Scripted tests are detailed instructions for manual test cases. They are expensive to create and maintain, and result in the tester taking the same narrow path through the software each time they run the test.
Cem Kaner writes “It appears that following scripts is the very “best practice” available for brain-damaged rats”
And, although my eyes glaze over whenever I read more than a few pages of a detailed test plan with scripted tests, and I struggle to reverse engineer the test design motivating the tests, I’ve fallen for behaviour driven design techniques like SpecFlow and Cucumber.
A test plan / test design specification has two main goals for me:
- tell the tester what tests to run
- communicate to other project stakeholders what tests will and will not be run
Of these, goal #2 feels like the most important, and having a short set of 3-5 scripted tests, using a syntax like the SpecFlow or Cucumber Given/When/Then, can clarify the requirements and make it clear what acceptance tests are required to either begin testing or check-in.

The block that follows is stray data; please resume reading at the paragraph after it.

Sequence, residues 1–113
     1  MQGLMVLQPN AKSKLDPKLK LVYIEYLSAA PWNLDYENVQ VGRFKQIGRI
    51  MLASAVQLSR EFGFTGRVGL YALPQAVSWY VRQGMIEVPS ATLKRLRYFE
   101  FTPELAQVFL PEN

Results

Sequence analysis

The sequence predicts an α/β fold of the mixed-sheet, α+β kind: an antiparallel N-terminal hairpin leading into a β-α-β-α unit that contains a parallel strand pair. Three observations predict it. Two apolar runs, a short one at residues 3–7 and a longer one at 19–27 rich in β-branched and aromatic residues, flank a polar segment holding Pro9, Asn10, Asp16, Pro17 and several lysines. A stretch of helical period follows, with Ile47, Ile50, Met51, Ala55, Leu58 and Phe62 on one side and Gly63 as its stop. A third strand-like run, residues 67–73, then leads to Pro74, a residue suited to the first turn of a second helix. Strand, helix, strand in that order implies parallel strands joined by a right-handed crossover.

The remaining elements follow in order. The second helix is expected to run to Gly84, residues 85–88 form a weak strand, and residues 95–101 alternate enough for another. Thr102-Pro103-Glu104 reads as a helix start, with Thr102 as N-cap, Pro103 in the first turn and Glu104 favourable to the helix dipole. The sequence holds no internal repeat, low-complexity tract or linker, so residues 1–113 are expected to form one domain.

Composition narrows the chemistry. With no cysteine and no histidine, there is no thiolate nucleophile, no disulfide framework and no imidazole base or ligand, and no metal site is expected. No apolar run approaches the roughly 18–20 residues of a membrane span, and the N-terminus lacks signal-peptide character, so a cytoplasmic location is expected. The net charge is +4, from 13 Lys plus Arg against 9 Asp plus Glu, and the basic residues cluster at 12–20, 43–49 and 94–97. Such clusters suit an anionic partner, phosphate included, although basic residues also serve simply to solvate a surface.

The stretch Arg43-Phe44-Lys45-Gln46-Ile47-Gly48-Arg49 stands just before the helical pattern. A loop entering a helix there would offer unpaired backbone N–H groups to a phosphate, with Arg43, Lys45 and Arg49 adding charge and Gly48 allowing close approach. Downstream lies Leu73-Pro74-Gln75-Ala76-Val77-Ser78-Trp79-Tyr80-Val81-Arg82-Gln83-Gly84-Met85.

Beyond this short set, I’d agree that diagrams, tables, checklists, and other concise expressions of test ideas generally work better than 100’s of scripted tests.
Another time when scripted tests make sense is when the software process is being audited, and the auditors expect a detailed expression of the tests, unless an auditor will be showing up an insisting on detailed test cases with specified expected results.
So, despite their bad reputation, having a select few scripted tests can add clarity to critical tests.